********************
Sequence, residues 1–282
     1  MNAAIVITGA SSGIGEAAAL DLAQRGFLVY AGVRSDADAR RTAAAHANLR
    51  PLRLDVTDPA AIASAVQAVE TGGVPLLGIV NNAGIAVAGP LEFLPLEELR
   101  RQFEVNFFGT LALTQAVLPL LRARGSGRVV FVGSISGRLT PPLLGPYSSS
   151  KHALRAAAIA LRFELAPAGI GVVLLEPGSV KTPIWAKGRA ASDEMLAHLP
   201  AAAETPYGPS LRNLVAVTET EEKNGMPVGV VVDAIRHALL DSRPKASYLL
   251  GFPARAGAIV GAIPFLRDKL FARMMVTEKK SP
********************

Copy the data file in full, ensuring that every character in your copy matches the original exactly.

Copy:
Sequence, residues 1–282
     1  MNAAIVITGA SSGIGEAAAL DLAQRGFLVY AGVRSDADAR RTAAAHANLR
    51  PLRLDVTDPA AIASAVQAVE TGGVPLLGIV NNAGIAVAGP LEFLPLEELR
   101  RQFEVNFFGT LALTQAVLPL LRARGSGRVV FVGSISGRLT PPLLGPYSSS
   151  KHALRAAAIA LRFELAPAGI GVVLLEPGSV KTPIWAKGRA ASDEMLAHLP
   201  AAAETPYGPS LRNLVAVTET EEKNGMPVGV VVDAIRHALL DSRPKASYLL
   251  GFPARAGAIV GAIPFLRDKL FARMMVTEKK SP